Revisiting Agee’s “Let Us Now Praise Famous Men” as an Act of Social Change

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Let Us Now Praise Famous Men by James Agee is a book perhaps best read aloud. At the least, it’s a book the reader is advised to approach with respect, like being quiet as a thunderstorm approaches. The vivid power of this strange classic made this landmark piece of social documentary one of the most influential books of the twentieth century.

The story of how the book came about is as ironic as the book’s title. In the summer of 1936, as part of Fortune magazine’s “Life and Circumstances” series, Agee and photographer Walker Evans were given a month-long assignment to document the wretched lives of white sharecroppers in the deep South during the worst of the Great Depression. They drove to rural Alabama, as distant culturally as one could get from the magazine’s headquarters in the then-new Chrysler Building. They explored the lives of two tenant farmers and a sharecropper, whom Agee called the Rickettses, the Woods, and the Gudgers. Agee stayed with one of the families, while Evans preferred a hotel in a nearby town. Agee turned in about 30,000 words. (Here are the images Evans captured.)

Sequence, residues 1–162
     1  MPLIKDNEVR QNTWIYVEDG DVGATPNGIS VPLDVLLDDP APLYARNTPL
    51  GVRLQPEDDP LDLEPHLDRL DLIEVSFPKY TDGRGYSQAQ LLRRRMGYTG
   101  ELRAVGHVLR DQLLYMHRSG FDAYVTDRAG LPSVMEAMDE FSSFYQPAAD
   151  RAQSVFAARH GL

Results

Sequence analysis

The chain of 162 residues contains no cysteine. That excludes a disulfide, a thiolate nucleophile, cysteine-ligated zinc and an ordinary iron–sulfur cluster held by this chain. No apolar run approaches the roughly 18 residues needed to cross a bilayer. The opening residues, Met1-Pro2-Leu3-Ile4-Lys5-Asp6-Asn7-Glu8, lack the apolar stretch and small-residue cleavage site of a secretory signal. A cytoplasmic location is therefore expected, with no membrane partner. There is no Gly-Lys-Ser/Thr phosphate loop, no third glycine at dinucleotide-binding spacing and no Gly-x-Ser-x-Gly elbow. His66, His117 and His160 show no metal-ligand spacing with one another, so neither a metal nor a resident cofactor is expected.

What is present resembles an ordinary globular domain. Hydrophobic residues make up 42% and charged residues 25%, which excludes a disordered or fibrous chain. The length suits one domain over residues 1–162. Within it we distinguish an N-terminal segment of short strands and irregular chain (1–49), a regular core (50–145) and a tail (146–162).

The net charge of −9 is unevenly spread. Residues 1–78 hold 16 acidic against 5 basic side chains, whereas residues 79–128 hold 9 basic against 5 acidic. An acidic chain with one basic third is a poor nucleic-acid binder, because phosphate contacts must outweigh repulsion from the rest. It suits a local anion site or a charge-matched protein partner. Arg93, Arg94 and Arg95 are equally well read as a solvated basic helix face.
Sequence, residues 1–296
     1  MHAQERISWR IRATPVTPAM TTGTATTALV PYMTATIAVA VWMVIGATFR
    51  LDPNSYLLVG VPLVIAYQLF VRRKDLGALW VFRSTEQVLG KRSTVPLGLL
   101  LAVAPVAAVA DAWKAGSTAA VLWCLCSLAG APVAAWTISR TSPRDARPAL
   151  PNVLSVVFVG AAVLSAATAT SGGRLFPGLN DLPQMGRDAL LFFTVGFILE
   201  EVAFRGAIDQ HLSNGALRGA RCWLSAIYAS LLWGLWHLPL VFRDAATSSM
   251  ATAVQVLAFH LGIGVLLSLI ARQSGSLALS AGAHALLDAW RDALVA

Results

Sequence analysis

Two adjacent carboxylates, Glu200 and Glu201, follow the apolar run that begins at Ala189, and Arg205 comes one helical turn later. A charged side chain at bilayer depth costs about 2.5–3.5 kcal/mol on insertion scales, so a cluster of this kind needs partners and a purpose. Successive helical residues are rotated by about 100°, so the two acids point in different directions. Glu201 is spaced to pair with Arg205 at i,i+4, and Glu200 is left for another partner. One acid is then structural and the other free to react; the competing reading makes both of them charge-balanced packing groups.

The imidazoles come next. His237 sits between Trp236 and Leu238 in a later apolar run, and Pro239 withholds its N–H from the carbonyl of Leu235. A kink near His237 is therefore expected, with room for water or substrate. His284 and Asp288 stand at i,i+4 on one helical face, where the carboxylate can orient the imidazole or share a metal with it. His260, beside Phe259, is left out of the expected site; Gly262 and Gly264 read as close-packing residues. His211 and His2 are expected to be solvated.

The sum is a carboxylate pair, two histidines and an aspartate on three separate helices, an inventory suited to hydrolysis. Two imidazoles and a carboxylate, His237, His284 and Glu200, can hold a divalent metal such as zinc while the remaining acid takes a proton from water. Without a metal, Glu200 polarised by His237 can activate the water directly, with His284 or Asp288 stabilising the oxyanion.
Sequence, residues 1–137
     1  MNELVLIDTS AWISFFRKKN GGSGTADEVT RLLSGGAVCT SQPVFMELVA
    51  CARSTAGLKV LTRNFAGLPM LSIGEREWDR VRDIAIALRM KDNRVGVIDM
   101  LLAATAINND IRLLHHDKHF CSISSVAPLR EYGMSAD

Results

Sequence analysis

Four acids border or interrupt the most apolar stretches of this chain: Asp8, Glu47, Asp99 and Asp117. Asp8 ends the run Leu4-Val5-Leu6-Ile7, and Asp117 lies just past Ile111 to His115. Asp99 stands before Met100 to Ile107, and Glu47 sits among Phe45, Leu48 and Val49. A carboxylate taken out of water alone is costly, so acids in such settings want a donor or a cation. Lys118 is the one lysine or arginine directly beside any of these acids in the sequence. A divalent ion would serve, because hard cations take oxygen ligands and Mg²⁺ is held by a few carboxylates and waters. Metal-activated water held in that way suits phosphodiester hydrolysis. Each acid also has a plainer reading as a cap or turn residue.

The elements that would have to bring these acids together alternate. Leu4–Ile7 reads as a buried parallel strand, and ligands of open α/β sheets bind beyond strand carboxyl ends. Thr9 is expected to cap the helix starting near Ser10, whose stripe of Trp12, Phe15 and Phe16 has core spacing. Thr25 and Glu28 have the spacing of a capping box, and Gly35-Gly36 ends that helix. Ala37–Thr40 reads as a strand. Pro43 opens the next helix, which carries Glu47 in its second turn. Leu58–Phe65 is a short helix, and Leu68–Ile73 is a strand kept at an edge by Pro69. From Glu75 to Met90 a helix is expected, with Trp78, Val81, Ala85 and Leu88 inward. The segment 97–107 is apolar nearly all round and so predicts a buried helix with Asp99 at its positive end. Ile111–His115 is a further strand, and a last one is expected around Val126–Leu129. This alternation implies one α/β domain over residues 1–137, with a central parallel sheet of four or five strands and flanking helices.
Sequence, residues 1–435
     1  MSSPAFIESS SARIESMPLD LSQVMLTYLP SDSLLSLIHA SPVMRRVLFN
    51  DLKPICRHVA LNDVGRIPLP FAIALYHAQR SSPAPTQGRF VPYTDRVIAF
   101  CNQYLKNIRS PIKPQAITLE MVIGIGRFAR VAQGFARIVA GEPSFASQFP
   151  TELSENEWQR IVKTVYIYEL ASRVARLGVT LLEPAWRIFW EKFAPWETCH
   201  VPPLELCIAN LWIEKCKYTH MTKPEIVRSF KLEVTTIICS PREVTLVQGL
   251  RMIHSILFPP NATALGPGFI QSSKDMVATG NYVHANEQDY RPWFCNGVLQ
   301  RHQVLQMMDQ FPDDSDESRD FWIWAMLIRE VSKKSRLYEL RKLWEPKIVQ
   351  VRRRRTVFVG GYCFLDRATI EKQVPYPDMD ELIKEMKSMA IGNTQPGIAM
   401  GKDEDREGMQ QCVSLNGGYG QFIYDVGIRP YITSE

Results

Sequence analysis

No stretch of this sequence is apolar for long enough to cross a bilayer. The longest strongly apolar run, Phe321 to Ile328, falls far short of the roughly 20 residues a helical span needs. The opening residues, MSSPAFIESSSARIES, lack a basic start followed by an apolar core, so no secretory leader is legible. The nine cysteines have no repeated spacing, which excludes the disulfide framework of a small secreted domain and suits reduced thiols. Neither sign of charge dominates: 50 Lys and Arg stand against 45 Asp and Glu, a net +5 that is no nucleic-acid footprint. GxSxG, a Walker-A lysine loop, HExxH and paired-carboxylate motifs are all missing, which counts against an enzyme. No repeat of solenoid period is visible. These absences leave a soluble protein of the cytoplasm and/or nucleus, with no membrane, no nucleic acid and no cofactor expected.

Fortune never published the article, but the work was published as a book in 1941, the final year of the New Deal. About 600 copies of the book were sold before it disappeared from shelves. This book that nevertheless shattered journalistic and literary conventions was reissued in the 1960s, where it found an audience. In his review, Lionel Trilling wrote that the book is “the most realistic and the most important moral effort of our American generation.” Fifty years after Agee’s death, the original 30,000-word report for Fortune was found and published as the short book, “Cotton Tenants: Three Families.”  Read more.

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